Tax Savings Opportunities for S Corporations
Shareholders of existing S corporations should consider the following year-end planning tips:
- Shareholders must have basis in their stock or in loans to the corporation in order to take advantage of anticipated losses. Basis may be increased by additional capital contributions or direct shareholder loans to the corporation. Shareholder loans should always be well-documented.
- After a shareholder’s basis in stock of an S corporation has been reduced to zero, the shareholder’s basis in a loan to the corporation is reduced by pass-through losses and increased by the pass-through of subsequent years’ income. Because loan repayments may produce taxable income for the shareholder, they should be timed, if possible, to result in the least amount of tax. Advances should be evidenced by a written document in order to obtain favorable capital gain treatment if gain will result when the loan is repaid. Delaying loan repayments beyond 12 months (for long-term capital gain treatment) will allow any gain to be taxed at the lower (20%) capital gains tax rate.
- Distributions to shareholders which exceed the corporation’s accumulated adjustments account (AAA) may result in inadvertent dividends if the corporation has E&P accumulated from the time it was a C corporation. Therefore, distributions should be delayed if the amount of the AAA balance at year-end is uncertain.
- Dividends received by non-corporate shareholders from domestic and qualified foreign corporations are taxed at a maximum 20% rate. Accordingly, S corporations with C corporation E&P should avoid making an actual or a deemed dividend distribution of this E&P, unless there are other compelling reasons for generating taxable dividend income.
- Consider making gifts of S corporation stock to shift income between family members. Gifts of nonvoting stock may be made to keep voting control, if desired.
- Under certain conditions, an S corporation that sells appreciated property will be subject to tax on “built-in gains” (generally the property’s appreciation prior to the corporation becoming an S corporation). A built-in gain is determined as follows:
Total gain on asset’s sale $1,000,000
Less appreciation accruing while an
S corporation 300,000
Built-in gain $ 700,000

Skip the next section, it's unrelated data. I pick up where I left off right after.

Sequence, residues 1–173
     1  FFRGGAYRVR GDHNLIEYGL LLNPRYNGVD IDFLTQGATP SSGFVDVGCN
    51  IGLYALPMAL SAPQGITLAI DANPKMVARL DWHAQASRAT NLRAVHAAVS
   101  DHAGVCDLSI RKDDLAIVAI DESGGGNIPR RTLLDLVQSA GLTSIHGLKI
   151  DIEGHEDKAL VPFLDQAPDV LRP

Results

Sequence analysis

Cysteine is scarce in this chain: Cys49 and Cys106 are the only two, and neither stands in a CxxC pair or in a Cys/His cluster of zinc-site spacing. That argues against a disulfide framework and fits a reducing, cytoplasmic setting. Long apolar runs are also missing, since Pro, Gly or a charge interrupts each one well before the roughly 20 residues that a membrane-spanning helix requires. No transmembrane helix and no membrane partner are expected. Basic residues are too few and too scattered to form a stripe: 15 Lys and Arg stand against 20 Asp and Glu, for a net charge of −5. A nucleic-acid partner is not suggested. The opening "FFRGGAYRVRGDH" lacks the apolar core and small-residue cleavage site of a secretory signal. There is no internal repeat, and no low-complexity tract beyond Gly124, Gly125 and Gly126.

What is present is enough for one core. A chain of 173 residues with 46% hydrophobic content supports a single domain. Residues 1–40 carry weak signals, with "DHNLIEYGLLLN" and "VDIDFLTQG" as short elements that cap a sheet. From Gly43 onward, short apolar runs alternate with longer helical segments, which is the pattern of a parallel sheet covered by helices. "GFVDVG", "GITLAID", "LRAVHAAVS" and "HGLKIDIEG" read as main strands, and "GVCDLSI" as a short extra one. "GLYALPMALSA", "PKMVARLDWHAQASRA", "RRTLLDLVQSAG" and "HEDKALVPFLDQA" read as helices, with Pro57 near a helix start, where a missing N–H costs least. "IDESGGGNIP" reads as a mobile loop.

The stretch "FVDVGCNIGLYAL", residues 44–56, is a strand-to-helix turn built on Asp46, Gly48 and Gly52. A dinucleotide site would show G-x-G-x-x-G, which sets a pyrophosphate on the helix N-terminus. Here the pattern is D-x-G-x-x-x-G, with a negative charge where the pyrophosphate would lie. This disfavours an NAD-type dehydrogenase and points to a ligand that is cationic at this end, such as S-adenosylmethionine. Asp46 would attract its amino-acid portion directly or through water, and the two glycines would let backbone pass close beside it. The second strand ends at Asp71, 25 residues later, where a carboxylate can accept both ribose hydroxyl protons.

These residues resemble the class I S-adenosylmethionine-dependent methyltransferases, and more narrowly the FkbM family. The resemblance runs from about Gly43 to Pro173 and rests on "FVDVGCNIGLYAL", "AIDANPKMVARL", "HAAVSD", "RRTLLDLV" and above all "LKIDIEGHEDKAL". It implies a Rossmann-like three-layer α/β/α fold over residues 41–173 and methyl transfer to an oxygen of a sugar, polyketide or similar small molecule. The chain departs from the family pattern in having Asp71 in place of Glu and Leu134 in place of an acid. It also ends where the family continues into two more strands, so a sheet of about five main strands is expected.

If an S corporation has sold property and recognized built-in gains, it should consider offsetting these gains by recognizing built-in losses. Alternatively, the built-in gains tax may be deferred or, in some circumstances, eliminated if the corporation’s taxable income can be eliminated.
Caution: Estimated taxes must be paid on net recognized built-in gains. (These estimates cannot be based on the preceding year’s tax, if any.)
The built-in gains tax generally applies only to gains recognized during a specified recognition period. Changes enacted by Congress over several recent years have resulted in the permanent reduction of the recognition period to five years, however, the recognition period for Iowa currently is ten years. Thus, for federal income tax purposes the tax will not be imposed if the S corporation had completed a five-year recognition period at the time the built-in gain is recognized. The tax applies when an S corporation has converted from C corporation status, but it also applies to assets that an S corporation has acquired from a C corporation in a tax-free transaction.
Other less recent changes have made more corporations eligible to become S corporations. For instance, financial institutions not using the reserve method of accounting can become S corporations; S corporations can have up to 100 shareholders and in determining the number of shareholders, extended family groups can be treated as a single shareholder; certain tax-exempt organizations can be shareholders; S corporations can hold controlling interests in other corporations; and wholly-owned domestic subsidiaries of S corporations can be disregarded as entities separate from their parent S corporations if an election is made by the S corporation.
In addition, income allocable to an employee stock ownership plan (ESOP) as a shareholder of an S corporation is not currently taxed, but rather is taxed to the ESOP beneficiary at the time of distribution.
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